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Netflix CEO Reed Hastings Believes Linear TV Will Die in '5 to 10 Years'

Television, as we know it in America, started in the late 1920 and early 1930s, per Be Businessed. Since then, we have had the opportunity to channel surf and enjoy our favorite shows and watch news broadcasts live with just the push of a button and a piece of furniture you can sit on with the whole family.
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Netflix Chief Reed Hastings Says ‘the End of Linear TV’ Is Coming ‘Over the Next 5-10 Years’

Netflix co-CEO Reed Hastings declared during the streamer’s Q2 earnings interview on Tuesday that linear television will go the way of the dinosaur within the next decade. “It’s definitely the end of linear TV over the next five to 10 years,” Hastings said while discussing Netflix’s financial and subscriber results on the pre-recorded Q&A, which came on the heels of the reveal that the streamer lost 970,000 subscribers in Q2. That loss was actually a win for Netflix, which had originally expected to lose 2 million subscribers by the end of June 30.
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Netflix Co-CEO Reed Hastings Projects ‘End of Linear TV’ No Later Than 2032

Click here to read the full article. After a rocky first quarter, Netflix is back to making bold claims about the future of entertainment. Co-CEO Reed Hastings kicked off the streaming service’s pre-recorded Q2 earnings interview on Tuesday, declaring the death of cable and satellite TV within the next decade. “Streaming is working everywhere,” Hastings said. “Everyone is pouring in. It’s definitely the end of linear TV over the next five, 10 years.” Hastings’ projection came following a question about Netflix’s better-than-expected Q2 subscriber numbers. Although originally expected to lose upwards of two million users, the streaming service reported just 970,000 cancellations...
TV & VIDEOS

Netflix Reset: After Layoffs, Reed Hastings Promises “Significant” Investments, but Where?

Netflix is in the midst of a reset, expanding its content purview and its core business model in ways that would have been unthinkable just a couple of years ago. At the same time, the company is facing new pressure, with subscriber growth stalled and competition that is catching up quickly. That is the background that undergirds Netflix’s “readjustment of the business,” to quote Netflix co-CEO Reed Hastings in a June 23 memo to staffers.More from The Hollywood ReporterJurnee Smollett Discusses 'Spiderhead' Secrets and the Future of Black Canary'Blade Runner: Enhanced Edition' Video Game Restored for Consoles, Steam ArrivesNetflix Cuts 300...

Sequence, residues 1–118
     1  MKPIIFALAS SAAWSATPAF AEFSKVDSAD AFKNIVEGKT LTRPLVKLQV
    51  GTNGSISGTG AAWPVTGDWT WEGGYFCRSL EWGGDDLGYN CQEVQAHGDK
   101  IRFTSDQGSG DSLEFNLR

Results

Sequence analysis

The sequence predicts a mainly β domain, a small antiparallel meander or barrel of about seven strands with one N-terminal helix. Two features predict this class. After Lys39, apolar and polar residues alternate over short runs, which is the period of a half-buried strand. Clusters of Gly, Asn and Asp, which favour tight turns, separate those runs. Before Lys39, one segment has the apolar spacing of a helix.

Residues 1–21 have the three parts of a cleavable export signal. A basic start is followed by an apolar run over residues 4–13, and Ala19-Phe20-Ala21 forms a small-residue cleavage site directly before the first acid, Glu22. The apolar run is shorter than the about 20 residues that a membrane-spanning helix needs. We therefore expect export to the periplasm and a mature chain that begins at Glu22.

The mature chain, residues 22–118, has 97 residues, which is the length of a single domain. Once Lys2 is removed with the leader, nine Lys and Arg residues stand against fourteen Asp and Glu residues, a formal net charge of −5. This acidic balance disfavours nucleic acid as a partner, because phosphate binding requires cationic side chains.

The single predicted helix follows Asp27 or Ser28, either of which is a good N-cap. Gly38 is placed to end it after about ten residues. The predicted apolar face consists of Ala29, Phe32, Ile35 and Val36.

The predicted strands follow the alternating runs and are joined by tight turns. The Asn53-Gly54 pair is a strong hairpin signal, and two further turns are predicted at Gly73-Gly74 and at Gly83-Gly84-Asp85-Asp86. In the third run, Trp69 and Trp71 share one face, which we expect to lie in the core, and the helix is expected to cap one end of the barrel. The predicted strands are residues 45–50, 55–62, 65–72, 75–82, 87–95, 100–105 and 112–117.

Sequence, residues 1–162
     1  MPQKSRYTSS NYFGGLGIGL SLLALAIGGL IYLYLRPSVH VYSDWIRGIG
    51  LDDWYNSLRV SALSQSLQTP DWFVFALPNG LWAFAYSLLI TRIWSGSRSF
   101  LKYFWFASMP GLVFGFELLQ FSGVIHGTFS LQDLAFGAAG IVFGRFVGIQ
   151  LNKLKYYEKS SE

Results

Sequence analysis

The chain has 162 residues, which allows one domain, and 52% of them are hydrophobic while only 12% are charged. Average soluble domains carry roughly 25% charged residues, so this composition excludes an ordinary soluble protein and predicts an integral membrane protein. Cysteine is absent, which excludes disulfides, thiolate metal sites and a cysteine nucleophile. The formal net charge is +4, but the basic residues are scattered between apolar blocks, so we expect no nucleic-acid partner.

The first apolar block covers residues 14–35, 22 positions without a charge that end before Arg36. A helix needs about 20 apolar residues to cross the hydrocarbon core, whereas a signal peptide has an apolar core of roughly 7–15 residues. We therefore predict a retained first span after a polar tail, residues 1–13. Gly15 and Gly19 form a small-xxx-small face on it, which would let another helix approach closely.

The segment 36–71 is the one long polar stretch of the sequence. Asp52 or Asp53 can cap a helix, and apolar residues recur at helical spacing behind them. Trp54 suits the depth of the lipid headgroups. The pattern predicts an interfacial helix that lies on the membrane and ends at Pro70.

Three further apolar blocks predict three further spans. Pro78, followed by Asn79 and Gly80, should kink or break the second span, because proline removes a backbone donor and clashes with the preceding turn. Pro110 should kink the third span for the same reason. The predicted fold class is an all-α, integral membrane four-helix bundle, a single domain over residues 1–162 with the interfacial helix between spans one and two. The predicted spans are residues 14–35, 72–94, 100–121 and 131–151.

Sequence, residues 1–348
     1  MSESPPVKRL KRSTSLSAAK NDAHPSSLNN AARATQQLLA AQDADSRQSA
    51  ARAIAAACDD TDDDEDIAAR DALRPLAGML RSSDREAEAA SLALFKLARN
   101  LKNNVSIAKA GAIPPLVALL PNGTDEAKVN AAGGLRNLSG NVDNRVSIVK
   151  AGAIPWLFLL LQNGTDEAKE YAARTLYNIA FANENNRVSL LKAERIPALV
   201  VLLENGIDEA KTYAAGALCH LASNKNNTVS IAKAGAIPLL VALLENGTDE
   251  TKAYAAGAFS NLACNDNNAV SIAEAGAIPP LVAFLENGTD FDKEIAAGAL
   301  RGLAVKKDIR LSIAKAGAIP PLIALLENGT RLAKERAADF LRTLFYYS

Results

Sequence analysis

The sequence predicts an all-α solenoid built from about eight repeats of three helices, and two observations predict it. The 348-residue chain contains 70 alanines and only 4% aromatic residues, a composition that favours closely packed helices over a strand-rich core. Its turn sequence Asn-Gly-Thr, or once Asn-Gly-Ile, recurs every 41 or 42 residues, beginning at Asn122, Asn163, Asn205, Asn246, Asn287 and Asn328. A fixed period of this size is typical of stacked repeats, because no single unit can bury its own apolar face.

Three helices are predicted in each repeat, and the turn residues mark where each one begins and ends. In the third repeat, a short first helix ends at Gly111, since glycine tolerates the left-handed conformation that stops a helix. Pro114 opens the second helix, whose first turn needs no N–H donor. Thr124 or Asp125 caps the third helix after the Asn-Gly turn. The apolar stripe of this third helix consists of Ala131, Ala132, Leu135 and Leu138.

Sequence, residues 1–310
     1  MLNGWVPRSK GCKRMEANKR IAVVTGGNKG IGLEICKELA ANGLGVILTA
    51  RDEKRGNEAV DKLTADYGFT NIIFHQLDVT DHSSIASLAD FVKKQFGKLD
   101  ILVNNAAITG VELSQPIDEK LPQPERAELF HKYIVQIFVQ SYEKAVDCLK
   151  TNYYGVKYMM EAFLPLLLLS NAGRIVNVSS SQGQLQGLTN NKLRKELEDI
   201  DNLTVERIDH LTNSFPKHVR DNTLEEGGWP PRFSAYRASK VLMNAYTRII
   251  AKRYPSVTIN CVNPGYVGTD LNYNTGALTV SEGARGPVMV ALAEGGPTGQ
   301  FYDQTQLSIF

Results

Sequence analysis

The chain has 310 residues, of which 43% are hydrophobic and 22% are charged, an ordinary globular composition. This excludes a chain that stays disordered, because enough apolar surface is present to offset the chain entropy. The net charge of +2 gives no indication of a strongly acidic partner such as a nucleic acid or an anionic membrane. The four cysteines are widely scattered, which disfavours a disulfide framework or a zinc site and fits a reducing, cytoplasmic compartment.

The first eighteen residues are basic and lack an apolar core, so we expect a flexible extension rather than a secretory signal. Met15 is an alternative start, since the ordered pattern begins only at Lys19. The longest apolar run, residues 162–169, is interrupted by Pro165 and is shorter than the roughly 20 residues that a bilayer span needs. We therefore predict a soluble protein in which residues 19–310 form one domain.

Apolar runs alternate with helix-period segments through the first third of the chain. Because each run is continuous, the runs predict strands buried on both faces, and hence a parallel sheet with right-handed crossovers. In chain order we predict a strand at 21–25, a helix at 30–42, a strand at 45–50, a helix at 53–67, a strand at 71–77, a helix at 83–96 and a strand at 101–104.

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THR’s Philanthropist of the Year Reed Hastings on Why “It’s Much Easier to Disrupt Entertainment Than Public Education”

Early on in Reed Hastings’ tenure as a board member of the KIPP Foundation, which runs a nationwide network of charter schools designed to help underserved communities thrive, they were faced with a key challenge. In 2011, they received statistics on the college completion rates of their students, and while they were comparable to the national average (33 percent vs. 32 percent, according to KIPP co-founder Dave Levin), they were a bit underwhelming ­— particularly considering the national debate on whether charters can deliver on their lofty goal of improving kids’ educational futures more than their traditional counterparts. Within the board,...
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Reed Hastings urges Class of 2022 to harness the power of inventions and stories

Reed Hastings, Stanford alum and co-founder of Netflix, encouraged graduates to harness the power of inventions and stories to drive societal change. Stanford’s Class of 2022 can look to the power of inventions and stories to drive human progress and address urgent issues facing the world such as climate change, Commencement speaker and Netflix co-founder Reed Hastings told the graduating class.
STANFORD, CA